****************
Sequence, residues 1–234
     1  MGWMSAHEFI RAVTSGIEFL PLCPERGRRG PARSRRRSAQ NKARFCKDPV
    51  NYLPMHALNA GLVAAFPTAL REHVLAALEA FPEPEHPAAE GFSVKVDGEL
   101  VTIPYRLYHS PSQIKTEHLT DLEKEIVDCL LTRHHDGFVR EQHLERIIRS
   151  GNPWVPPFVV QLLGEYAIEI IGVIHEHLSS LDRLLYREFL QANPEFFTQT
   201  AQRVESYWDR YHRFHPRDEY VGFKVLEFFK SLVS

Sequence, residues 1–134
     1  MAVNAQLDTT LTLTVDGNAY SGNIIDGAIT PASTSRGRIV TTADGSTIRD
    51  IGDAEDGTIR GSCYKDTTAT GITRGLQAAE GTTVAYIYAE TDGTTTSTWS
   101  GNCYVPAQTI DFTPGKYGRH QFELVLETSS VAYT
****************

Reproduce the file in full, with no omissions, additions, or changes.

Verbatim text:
Sequence, residues 1–234
     1  MGWMSAHEFI RAVTSGIEFL PLCPERGRRG PARSRRRSAQ NKARFCKDPV
    51  NYLPMHALNA GLVAAFPTAL REHVLAALEA FPEPEHPAAE GFSVKVDGEL
   101  VTIPYRLYHS PSQIKTEHLT DLEKEIVDCL LTRHHDGFVR EQHLERIIRS
   151  GNPWVPPFVV QLLGEYAIEI IGVIHEHLSS LDRLLYREFL QANPEFFTQT
   201  AQRVESYWDR YHRFHPRDEY VGFKVLEFFK SLVS

Sequence, residues 1–134
     1  MAVNAQLDTT LTLTVDGNAY SGNIIDGAIT PASTSRGRIV TTADGSTIRD
    51  IGDAEDGTIR GSCYKDTTAT GITRGLQAAE GTTVAYIYAE TDGTTTSTWS
   101  GNCYVPAQTI DFTPGKYGRH QFELVLETSS VAYT